No Stay on Electoral Bonds for Delhi Polls, SC Gives Centre and Election Commission 2 Weeks to Reply
The plea filed by advocate Prashant Bhushan’s Association for Democratic Reforms has contended that electoral bonds have opened a flood gate of anonymous corporate donations that can have serious repercussions on democracy of India.
News18 creative by Mir Suhail.
New Delhi: The Supreme Court on Monday refused to pass any order on immediately staying electoral bonds in the run-up to the upcoming assembly elections in Delhi.
A bench headed by Chief Justice of India SA Bobde instead gave two weeks to the central government and the Election Commission of India to submit their replies on a plea to stay the operation of the electoral bonds.
"Why didn't you come earlier if you had Delhi elections in mind? We are not on merits today. It is only about how much time we should give to the other side for filing their replies," Justice Bobde told advocate Prashant Bhushan.
Bhushan was appearing for the NGO Association for Democratic Reforms (ADR), which has pressed for an immediate stay on electoral bonds till its validity is finally decided by the top court.
Bhushan, on Monday, said an urgent order was required in view of the elections in Delhi where this 'anonymous' mode of funding will again be used as a source of funding.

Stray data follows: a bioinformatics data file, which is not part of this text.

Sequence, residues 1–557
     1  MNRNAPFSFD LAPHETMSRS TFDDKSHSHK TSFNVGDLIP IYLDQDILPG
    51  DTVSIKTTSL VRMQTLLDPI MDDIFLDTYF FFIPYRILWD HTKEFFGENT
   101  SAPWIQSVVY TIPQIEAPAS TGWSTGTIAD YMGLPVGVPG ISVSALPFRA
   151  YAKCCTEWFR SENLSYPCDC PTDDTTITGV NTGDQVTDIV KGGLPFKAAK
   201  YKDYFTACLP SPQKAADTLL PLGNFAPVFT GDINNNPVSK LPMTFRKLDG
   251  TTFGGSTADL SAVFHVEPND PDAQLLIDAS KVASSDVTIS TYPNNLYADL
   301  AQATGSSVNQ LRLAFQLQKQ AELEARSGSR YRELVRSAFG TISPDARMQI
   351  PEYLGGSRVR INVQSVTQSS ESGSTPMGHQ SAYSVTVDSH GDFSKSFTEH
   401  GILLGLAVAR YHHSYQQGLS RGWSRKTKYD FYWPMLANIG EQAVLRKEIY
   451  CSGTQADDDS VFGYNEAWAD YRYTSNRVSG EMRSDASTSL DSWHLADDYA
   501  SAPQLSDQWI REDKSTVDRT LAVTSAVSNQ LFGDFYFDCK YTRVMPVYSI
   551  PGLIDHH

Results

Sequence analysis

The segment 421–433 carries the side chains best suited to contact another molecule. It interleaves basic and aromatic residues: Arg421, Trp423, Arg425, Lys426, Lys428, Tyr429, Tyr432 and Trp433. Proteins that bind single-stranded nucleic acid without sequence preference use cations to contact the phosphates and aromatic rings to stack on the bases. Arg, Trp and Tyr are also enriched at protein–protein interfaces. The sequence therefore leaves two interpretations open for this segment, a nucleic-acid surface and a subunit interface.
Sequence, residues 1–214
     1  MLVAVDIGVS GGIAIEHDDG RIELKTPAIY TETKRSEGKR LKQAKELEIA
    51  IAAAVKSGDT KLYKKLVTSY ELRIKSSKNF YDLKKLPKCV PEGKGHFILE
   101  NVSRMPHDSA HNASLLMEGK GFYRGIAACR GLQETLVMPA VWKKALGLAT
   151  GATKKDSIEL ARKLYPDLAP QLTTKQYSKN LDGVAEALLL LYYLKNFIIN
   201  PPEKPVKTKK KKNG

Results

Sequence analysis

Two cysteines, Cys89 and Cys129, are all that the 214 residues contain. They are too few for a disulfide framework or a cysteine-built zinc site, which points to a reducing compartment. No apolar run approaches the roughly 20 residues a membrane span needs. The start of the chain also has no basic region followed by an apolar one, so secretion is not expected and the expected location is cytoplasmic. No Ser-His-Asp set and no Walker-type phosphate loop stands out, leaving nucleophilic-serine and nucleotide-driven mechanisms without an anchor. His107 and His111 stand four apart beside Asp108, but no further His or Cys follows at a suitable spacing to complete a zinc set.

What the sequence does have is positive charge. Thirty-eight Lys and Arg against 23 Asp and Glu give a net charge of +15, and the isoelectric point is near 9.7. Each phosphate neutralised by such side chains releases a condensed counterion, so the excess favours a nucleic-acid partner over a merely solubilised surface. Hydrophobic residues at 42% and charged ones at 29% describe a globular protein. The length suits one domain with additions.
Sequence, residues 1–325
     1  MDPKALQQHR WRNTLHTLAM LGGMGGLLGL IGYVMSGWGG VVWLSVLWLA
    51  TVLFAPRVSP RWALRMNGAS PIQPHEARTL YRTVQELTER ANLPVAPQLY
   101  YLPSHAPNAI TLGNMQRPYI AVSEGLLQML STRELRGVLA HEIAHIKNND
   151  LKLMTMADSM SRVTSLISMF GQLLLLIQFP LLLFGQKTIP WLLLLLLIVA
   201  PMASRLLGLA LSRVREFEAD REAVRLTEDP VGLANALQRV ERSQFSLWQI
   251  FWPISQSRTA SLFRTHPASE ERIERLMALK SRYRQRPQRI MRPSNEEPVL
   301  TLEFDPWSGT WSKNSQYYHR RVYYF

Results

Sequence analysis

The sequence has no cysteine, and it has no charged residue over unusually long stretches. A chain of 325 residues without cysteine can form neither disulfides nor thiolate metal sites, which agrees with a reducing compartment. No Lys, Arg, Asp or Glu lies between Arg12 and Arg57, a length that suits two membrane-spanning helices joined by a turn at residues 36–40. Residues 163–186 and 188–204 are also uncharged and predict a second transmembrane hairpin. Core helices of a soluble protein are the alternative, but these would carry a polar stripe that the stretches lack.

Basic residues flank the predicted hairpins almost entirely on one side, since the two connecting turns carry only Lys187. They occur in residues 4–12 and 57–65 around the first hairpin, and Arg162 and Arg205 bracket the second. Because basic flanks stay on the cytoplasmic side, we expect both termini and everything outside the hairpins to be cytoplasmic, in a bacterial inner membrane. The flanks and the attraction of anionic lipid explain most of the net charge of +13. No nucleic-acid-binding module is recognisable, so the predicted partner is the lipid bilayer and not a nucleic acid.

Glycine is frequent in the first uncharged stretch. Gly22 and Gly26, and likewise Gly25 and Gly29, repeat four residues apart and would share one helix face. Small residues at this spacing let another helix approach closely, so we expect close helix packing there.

"We have now discovered some very important documents to show why electoral bonds must be stopped immediately," contended Bhushan, while citing ADR's application.
Representing the Election Commission, senior lawyer Rakesh Dwivedi, however, said that they would want to put in a formal reply and asked for four weeks.
The bench finally gave the Commission as well as the Centre two weeks to file their responses.
ADR's application was filed in November 2019, and asked for a stay on the 2018 scheme based on certain RTI replies and media reports.
The plea claimed that the RBI had opposed amendments to the RBI Act and the Finance Bill, 2017 as also introduction of the electoral bonds scheme.
It contended that the electoral bonds have opened a flood gate of anonymous corporate donations that can have serious repercussions on democracy of India.
Objections raised by the Election Commission as well as by the Union Law Ministry were also cited in ADR's application to buttress its prayer for a stay.
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